• Federal employees will have new protections against surprise medical billing next year. The Department of Health and Human Services and Office of Personnel Management will implement a ban on surprise billing for emergency services and other out-of-network charges without advance notice. Surprise billing happens when people unknowingly get health care from a doctor that’s outside of their insurance network. The protections take effect for participants in the Federal Employees Health Benefits Program January 1.
  • Sen. Marco Rubio (R-Fla.) wants agencies to permanently eliminate unnecessary educational requirements from federal jobs. He introduced the Federal Skills Act. It would essentially codify an executive order from the Trump administration into law by removing educational requirements for positions where they’re not legally necessary. It encourages agencies and the Office of Personnel Management to use skills-based assessment to vet candidates’ qualifications. And it requires OPM to update job classification and qualification standards. OPM began that process during the end of the last year.
  • The Space Force continues to build its personnel by selecting fifty active duty soldiers to transfer into the agency beginning this month. Selections come from a pool of more than 3700 transfer applications from the Army, Navy and Marine Corps. The soldiers selected will beta test the integration process to pave the way for more transfers in fiscal 2022. New members will be placed in specific Space Force specialties, including space operations, intelligence, cyber, engineering and acquisition.
  • The Defense Counterintelligence and Security Agency is attempting to right the ship on a key software program. The National Background Investigation Services program is delivering capabilities on time for the first time since the program was conceived five years ago. But DCSA still has a lot of work to do on the software that officials say is critical to modernizing the security clearance process. The system will be used to continuously monitor a population of at least 4 million in the national security workforce, as well as potentially more in other government agencies. (Federal News Network)
  • The Environmental Protection Agency promises to educate its employees about the rights and roles of whistleblowers. In responding to a letter from the National Whistleblower Center, EPA said it will acknowledge National Whistleblower Day on July 30th through agencywide emails and web pages that include information about legal protections. EPA is the second agency behind the Department of Health and Human Services to take action in response to NWC’s letter.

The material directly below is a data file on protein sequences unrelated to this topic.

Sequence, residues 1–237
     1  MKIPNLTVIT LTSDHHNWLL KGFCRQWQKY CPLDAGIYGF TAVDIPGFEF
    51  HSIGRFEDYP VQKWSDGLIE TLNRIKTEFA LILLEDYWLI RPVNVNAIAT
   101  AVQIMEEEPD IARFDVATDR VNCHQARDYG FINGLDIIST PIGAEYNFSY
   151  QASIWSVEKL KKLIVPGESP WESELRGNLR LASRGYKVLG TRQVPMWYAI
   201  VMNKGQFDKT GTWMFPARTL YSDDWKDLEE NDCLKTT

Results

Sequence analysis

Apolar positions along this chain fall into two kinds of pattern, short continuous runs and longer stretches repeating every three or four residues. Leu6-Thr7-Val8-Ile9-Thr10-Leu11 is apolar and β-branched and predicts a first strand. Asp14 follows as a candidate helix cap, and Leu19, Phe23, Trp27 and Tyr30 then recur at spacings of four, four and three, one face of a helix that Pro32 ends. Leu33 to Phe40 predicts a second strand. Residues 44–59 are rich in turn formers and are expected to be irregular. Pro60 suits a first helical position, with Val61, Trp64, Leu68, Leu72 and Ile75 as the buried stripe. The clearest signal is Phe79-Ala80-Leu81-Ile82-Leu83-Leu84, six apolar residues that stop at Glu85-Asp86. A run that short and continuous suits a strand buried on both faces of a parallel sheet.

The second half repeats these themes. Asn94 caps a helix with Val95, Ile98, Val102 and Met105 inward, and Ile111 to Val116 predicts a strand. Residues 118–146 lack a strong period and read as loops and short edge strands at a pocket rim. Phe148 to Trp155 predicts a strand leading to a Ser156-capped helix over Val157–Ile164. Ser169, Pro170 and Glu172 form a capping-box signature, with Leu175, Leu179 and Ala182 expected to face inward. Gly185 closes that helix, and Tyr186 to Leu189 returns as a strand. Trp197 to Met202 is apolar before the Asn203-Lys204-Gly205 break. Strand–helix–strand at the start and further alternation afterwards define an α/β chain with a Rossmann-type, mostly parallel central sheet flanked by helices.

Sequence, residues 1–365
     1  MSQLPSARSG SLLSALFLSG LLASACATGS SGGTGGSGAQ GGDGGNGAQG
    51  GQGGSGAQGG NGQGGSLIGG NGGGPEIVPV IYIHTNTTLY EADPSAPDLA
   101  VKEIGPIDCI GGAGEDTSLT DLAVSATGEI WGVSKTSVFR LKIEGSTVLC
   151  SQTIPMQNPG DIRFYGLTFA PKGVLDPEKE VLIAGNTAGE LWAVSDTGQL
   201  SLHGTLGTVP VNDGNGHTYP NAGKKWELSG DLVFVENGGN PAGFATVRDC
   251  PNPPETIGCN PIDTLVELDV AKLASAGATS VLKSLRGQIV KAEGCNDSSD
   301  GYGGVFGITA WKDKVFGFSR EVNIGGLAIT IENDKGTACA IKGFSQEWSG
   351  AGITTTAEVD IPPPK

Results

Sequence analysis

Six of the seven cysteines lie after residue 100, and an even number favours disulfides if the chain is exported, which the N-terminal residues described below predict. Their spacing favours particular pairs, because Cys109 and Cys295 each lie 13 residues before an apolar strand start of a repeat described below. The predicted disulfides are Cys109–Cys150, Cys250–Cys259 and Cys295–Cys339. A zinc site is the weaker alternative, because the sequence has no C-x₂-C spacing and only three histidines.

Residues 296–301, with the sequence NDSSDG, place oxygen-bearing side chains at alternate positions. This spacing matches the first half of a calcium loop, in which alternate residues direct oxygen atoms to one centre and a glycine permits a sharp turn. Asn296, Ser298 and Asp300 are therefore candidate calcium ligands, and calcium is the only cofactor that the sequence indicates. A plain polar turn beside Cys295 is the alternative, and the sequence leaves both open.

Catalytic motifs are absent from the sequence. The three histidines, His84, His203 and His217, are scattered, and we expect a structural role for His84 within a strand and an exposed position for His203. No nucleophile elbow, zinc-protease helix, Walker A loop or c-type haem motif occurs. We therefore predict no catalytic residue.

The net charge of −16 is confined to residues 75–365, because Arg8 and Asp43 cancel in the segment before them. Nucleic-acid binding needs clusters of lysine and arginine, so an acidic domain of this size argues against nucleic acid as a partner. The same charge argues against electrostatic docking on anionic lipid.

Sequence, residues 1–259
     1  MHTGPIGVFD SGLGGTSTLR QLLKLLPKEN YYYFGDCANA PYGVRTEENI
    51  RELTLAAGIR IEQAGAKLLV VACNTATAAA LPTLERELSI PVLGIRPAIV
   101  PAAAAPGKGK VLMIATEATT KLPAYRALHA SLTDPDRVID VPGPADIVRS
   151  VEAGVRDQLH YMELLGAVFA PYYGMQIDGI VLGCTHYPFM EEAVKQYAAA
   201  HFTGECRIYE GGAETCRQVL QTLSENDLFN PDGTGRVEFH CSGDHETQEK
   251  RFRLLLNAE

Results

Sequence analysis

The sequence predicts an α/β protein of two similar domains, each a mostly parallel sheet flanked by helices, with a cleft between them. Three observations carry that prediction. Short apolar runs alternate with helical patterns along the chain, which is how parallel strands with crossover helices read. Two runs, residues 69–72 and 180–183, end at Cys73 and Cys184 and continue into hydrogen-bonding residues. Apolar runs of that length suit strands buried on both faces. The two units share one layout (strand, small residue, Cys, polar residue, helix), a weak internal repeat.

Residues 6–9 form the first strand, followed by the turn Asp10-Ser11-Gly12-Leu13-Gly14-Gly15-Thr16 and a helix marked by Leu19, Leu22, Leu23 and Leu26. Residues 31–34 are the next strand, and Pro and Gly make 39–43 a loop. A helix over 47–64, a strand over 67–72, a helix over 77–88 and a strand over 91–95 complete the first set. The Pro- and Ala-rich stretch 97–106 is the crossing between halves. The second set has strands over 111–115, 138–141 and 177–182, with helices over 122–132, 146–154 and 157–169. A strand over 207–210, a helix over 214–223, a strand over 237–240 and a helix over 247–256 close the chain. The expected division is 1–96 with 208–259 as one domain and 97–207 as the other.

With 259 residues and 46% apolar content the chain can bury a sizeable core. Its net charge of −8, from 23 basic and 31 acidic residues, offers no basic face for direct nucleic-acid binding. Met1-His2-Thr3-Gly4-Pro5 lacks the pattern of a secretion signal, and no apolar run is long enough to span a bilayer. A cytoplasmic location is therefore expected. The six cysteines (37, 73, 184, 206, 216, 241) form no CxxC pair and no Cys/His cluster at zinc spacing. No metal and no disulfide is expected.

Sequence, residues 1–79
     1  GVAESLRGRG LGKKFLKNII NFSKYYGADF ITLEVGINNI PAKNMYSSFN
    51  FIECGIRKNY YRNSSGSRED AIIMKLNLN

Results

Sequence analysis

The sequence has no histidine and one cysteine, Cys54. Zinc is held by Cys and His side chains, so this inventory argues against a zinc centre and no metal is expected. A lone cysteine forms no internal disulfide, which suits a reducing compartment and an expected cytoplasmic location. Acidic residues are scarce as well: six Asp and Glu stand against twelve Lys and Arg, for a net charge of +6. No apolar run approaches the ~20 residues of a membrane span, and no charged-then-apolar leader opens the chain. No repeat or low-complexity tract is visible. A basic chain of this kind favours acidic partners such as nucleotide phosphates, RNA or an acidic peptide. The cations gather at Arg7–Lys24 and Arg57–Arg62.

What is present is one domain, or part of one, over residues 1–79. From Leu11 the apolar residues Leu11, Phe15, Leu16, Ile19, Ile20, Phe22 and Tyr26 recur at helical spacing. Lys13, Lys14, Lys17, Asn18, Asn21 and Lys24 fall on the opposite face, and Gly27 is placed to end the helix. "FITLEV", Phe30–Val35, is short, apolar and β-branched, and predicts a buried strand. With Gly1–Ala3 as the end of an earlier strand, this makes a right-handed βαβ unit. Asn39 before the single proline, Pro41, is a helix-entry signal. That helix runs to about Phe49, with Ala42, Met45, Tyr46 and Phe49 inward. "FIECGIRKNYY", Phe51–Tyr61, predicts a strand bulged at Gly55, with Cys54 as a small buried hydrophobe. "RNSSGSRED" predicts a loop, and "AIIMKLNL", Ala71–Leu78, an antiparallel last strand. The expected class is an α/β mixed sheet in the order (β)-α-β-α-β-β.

• The Department of Veterans Affairs will conduct an enterprisewide review of the IT and physical infrastructure needed to support the new electronic health record. This comes after VA’s inspector general found wide discrepancies in the department’s physical infrastructure cost estimates. VA said it’s using its IT investment board to manage decisions on the EHR modernization effort. The department is standing up the board now. VA’s chief financial officer, chief acquisition officer and chief information officer all lead the board together. (Federal News Network)
  • Two departments add new approaches to dealing with human gender issues. Veterans Affairs affirms it will offer gender change surgery among its benefits. But Secretary Denis McDonough said that will come only after conclusion of required rulemaking. He notes the VA Board of Advisors unanimously endorsed the idea. McDonough says it has been clinically shown to reduce depression and suicidal ideation. And the State Department will add a so-called non-binary option to passports. But Secretary Tony Blinken said the change will require extensive updates to passport systems.
  • The Postal Service celebrates 50 years as an independent agency. Before the 1970 Postal Reorganization Act, it was known as the Post Office Department and was a part of the president’s cabinet. President Richard Nixon signed the legislation after nearly 200,000 postal workers participated in strikes in 30 cities. It was the first and largest walkout of federal employees. To commemorate the anniversary, the Postal Service is releasing an oral history from employees who oversaw the agency’s transition.